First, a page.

AI Is Getting Brainier: Will Machines Leave Us in the Dust?
The road to human-level artificial intelligence is long and wildly uncertain. Most AI programs today are one-trick ponies. They can recognize faces, the sound of your voice, translate foreign languages, trade stocks and play chess. They may well have got the trick down pat, but one-trick ponies they remain. Google's DeepMind program, AlphaGo, can beat the best human players at Go, but it hasn't a clue how to play tiddlywinks, shove ha'penny, or tell one end of a horse from the other.
Humans, on the other hand, are not specialists. Our forte is versatility. What other animal comes close as the jack of all trades? Put humans in a situation where a problem must be solved and, if they can leave their smartphones alone for a moment, they will draw on experience to work out a solution.
The skill, already evident in preschool children, is the ultimate goal of artificial intelligence. If it can be distilled and encoded in software, then thinking machines will finally deserve the name.
DeepMind's latest AI has cleared one of the important hurdles on the way to human-level AGI -- artificial general intelligence. Most AIs can perform only one trick because to learn a second, they must forget the first. The problem, known as "catastrophic forgetting," occurs because the neural network at the heart of the AI overwrites old lessons with new ones.
DeepMind solved the problem by mirroring how the human brain works. When we learn to ride a bike, we consolidate the skill. We can go off and learn the violin, the capitals of the world and the finer rules of gaga ball, and still cycle home for tea. This program's AI mimics the process by making the important lessons of the past hard to overwrite in the future. Instead of forgetting old tricks, it draws on them to learn new ones.
Because it retains past skills, the new AI can learn one task after another. When it was set to work on the Atari classics -- Space Invaders, Breakout, Defender and the rest -- it learned to play seven out of 10 as well as a human can. But it did not score as well as an AI devoted to each game would have done. Like us, the new AI is more the jack of all trades, the master of none.
There is no doubt that thinking machines, if they ever truly emerge, would be powerful and valuable. Researchers talk of pointing them at the world's greatest problems: poverty, inequality, climate change and disease.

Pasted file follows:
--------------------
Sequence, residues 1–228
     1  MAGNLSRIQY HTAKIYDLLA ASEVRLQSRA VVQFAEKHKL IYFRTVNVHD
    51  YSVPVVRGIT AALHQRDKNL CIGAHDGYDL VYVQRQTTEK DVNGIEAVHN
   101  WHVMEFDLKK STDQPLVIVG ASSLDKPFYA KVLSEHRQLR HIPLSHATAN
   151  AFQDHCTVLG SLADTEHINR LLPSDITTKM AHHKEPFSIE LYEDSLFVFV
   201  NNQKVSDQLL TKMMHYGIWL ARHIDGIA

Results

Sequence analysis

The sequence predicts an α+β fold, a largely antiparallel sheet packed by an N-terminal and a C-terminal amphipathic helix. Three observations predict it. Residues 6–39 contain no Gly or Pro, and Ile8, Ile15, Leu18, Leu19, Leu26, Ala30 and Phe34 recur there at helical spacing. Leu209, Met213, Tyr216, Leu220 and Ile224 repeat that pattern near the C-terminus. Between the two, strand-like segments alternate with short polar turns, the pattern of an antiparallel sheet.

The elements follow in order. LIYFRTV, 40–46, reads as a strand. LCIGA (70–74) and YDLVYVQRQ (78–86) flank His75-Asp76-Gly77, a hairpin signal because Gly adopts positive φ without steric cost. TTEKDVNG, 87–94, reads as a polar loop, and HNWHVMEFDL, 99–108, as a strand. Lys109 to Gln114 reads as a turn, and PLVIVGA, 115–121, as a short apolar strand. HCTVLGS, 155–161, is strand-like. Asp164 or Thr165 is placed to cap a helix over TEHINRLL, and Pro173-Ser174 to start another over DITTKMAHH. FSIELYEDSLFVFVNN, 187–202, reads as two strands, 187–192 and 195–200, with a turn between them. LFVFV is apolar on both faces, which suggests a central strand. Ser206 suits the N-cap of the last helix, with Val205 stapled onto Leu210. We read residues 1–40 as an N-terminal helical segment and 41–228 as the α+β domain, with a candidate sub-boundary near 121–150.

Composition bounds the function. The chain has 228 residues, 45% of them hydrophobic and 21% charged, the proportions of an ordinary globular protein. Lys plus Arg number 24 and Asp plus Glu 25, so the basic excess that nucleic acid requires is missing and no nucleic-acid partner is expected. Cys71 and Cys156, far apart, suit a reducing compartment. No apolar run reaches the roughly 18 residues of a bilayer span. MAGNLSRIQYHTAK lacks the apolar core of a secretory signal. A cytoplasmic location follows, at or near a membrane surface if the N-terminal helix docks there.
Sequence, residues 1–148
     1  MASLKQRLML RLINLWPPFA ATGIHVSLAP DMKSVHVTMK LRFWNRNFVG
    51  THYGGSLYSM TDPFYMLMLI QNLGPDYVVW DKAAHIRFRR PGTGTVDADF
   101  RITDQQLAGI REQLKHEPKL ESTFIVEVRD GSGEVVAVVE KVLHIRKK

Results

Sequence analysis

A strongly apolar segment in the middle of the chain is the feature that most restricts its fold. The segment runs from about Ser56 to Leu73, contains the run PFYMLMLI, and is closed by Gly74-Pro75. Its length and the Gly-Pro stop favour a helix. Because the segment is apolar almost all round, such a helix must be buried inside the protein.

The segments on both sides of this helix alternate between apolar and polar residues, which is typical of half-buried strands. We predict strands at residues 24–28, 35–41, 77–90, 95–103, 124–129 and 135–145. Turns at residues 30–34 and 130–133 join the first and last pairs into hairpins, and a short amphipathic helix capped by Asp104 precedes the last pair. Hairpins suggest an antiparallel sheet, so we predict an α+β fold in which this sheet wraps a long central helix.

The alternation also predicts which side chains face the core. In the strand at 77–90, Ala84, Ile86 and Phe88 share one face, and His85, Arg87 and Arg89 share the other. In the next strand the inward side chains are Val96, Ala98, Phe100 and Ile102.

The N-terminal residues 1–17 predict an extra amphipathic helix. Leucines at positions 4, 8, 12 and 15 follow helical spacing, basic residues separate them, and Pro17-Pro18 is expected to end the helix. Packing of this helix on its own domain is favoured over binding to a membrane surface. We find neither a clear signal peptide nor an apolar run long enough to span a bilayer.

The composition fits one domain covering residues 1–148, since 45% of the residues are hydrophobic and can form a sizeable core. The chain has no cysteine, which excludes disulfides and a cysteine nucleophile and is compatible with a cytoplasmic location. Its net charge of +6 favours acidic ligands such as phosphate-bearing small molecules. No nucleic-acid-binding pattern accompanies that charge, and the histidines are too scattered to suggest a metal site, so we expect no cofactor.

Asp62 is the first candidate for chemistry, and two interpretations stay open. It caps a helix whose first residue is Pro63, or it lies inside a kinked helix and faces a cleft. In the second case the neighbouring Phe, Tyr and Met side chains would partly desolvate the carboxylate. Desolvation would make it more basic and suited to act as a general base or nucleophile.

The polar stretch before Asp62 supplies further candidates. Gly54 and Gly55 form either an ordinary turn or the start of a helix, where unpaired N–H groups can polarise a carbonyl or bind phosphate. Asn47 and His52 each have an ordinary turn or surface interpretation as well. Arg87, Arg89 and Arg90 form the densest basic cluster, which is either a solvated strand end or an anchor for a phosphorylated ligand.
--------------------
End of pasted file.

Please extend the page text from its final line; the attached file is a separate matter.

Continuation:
They could also be a danger. Serious AI researchers, and plenty of prominent figures who know less of the art, have raised worries about the moment when computers surpass human intelligence. Looming on the horizon is the “Singularity”, a time when super-AIs improve at exponential speed, causing such technological disruption that poor, unenhanced humans are left in the dust. These superintelligent computers needn't hate us to destroy us. As the Oxford philosopher Nick Bostrom has pointed out, a superintelligence might dispose of us simply because it is too devoted to making paper clips to look out for human welfare.
In January the Future of Life Institute held a conference on “Beneficial AI” in Asilomar, California. When it came to discussing threats to humanity, researchers pondered what might be the AI equivalents of nuclear control rods, the sort that are plunged into nuclear reactors to rein in runaway reactions. At the end of the meeting, the organizers released a set of guiding principles for the safe development of AI.
While the latest work on DeepMind edges scientists towards AGI, it does not bring it, or the Singularity, meaningfully closer. There is far more to the general intelligence that humans possess than the ability to learn continually. The DeepMind AI can draw on skills it learned on one game to play another. But it cannot generalize from one learned skill to another. It cannot ponder a new task, reflect on its capabilities, and work out how best to apply them.
The futurist Ray Kurzweil sees the Singularity rolling in 30 years from now. But for other scientists, human-level AI is not inevitable. It is still a matter of if, not when. Emulating human intelligence is a mammoth task. What scientists need are good ideas, and no one can predict when inspiration will strike.
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